On Sunday we were back on the magic bus travelling to Greymouth with our driver Scottie. We drove through Hope Saddle, crossed the picturesque Buller Gorge, one of the top ten drives in the world and very similar to the Great ocean Road, to the west Coast. We stopped at an amazing Seal Colony at Cape Foulwind, Tauranga and saw some very cute seal pups. Past dairy farmland which was getting it's land flipped so that the cows didn't have to stand in mud and instead had the clay surface on the top. We drove through Paparoa National Park, stopped at Te Miko Point and Irimahuwhero Lookout which means 'the place of the hanging red hair'. Well known to generations of maori travellers, the name came from the crimson rata flowers which cover the coast in the summertime. From here we had a good view of the West Coast region, also known as westland, and it's rugged, salt sprayed stretch of wild rocky beaches and bush clad hills sweeping up to towering icy peaks. It was such a clear day that in the distance we could see Aoraki/Mt Cook, which at 3755m is the highest peak in Australasia, and, next to it, Mt Tasman.
We also saw the Motokie Rocks, which look very similar to the Twelve Apostles, and lots of Nikau Palms along the roadside. We had a walk along the Truman Track which took about 15mins and took us down to the beach, through a rainforest with lots of native tress; Nikau, Rata and Rimu. Back on the bus we drove over the Porarari River and through the small settlement of Punakaihi, best known for Pancake Rocks & Blowholes, where we stopped to walk along the 15min loop walkway. Through the layering and weathering process known as Stylobedding, the limestone rocks at Dolomite Point have formed into what look like stacks of thin pancakes. Sometimes water surges into the caverns below the rocks and squirts out from impressive geyser like blowholes but unfortunately the water was too calm on the day we were there.
Greymouth is the largest town on the west coast - there's not much going on there. We stayed at a hostel called Neptune Backpackers which was cosy but old. The bonus for us was that it had baths so Lucy & I had a nice long soak (not together!)with our girlie mags while the lads went on a tour of Monteith's Brewery ($25 plus all you can eat Barbie).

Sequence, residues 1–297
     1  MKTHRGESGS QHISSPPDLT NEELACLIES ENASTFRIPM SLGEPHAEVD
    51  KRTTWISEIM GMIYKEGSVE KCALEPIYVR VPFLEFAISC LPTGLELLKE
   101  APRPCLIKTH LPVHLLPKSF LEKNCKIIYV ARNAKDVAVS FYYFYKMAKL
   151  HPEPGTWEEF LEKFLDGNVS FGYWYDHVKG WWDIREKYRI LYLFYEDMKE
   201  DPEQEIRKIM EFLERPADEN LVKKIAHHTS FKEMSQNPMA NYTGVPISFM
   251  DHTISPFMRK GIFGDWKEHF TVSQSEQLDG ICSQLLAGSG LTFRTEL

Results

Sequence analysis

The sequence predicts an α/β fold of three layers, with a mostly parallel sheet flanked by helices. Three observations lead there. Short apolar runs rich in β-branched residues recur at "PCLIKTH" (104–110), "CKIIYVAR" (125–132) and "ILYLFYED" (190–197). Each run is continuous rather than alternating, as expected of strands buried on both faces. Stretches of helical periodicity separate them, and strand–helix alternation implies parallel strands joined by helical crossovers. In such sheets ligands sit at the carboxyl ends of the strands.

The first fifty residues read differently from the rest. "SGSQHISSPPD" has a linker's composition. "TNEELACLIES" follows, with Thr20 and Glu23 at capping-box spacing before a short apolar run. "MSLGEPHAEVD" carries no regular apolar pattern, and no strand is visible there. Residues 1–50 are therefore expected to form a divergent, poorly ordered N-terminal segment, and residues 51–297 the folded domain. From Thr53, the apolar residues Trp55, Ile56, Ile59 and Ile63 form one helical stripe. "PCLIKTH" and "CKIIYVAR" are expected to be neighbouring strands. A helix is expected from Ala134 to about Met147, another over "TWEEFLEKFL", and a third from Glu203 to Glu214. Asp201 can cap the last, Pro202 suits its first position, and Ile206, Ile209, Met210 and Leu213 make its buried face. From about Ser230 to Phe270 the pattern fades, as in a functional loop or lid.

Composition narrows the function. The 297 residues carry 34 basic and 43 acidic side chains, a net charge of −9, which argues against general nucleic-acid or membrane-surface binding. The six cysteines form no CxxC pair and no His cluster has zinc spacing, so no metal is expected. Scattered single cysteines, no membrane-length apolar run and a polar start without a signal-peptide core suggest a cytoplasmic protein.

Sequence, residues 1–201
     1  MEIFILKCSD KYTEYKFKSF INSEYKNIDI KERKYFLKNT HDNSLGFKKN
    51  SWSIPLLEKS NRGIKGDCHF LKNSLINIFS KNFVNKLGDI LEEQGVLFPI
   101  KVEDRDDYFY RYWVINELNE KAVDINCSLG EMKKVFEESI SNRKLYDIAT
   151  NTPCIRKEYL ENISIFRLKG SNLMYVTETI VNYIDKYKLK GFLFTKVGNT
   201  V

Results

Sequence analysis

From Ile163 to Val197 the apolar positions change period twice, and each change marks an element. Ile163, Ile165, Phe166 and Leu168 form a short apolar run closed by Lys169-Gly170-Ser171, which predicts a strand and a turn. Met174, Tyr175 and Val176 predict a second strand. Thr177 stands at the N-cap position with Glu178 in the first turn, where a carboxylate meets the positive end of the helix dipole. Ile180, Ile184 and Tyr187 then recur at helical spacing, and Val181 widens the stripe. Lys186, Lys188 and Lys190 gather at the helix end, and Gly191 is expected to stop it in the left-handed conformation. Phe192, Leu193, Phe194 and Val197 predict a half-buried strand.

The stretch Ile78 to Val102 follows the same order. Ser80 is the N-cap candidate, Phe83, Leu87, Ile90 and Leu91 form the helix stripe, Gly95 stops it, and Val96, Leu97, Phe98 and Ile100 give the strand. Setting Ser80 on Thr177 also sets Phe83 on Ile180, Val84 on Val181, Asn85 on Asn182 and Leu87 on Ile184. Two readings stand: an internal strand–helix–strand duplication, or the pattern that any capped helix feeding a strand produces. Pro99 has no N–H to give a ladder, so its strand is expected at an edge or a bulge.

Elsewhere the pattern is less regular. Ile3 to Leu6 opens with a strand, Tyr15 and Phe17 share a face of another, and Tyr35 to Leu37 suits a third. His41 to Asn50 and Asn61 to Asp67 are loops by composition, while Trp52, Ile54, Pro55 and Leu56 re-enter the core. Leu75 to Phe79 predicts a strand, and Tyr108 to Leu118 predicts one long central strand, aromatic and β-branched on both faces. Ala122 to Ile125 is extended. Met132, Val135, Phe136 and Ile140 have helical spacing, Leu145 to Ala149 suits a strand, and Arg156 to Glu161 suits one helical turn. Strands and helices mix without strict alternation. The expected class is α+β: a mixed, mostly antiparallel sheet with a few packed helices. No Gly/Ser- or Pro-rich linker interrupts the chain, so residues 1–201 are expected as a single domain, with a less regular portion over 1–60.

On Monday we got the bus to Franz Josef and, on the way, stopped in Hokitika, the gateway to the South Westland World Heritage National Park, a small friendly town with supermarkets that are alot cheaper than Franz Josef apparently so we all did our food shopping there! next stop was the historic town of Ross to visit the Goldfields Heritage area to watch a lady called Trish demonstarte a technique called Gold Panning which has been used for many years in the area and involves a bowl with gravel in that you put in the stream that contains gold and it sieves the water and you're left with gold!
We arrived in the beautiful little town of Franz Josef in time for lunch, checked into Chateau Franz were we got a 5 bed dorm for our group and then I went for a walk to see the amazing snow covered mountains and to walk along Waiho River.
On Tuesday we did a hardcore full day hike on Franz Josef Glacier, which is a beautiful glacier, very close to the town, set within the frosty mountainous splendour of westland/Tai Poutini National Park. We did the hike with Franz Josef Glacier Guides and at $130 each it was abit expensive but worth every penny. We were out for about eight and a half hours and got kitted out in all the gear including boots and crampons. The scenery was truly stunning and we got to see amazing ice caves, waterfalls, blue ice and to squeeze through very narrow crevasses. You can see our photo's on this website. That night we chilled back at the hostel with a bottle of Himmersfield Chardonnay 2001 and the TV!
Wednesday was a day for chilling and we wanted to have a nice lie in after our long walk but instead got woken up at 8am by the fire alarm which also spoke in a very strange voice - not good! The rest of the day was spent doing laundry, on the internet and then watching free videos at the hostel.
Tomorrow we head to action packed Queenstown - can't wait!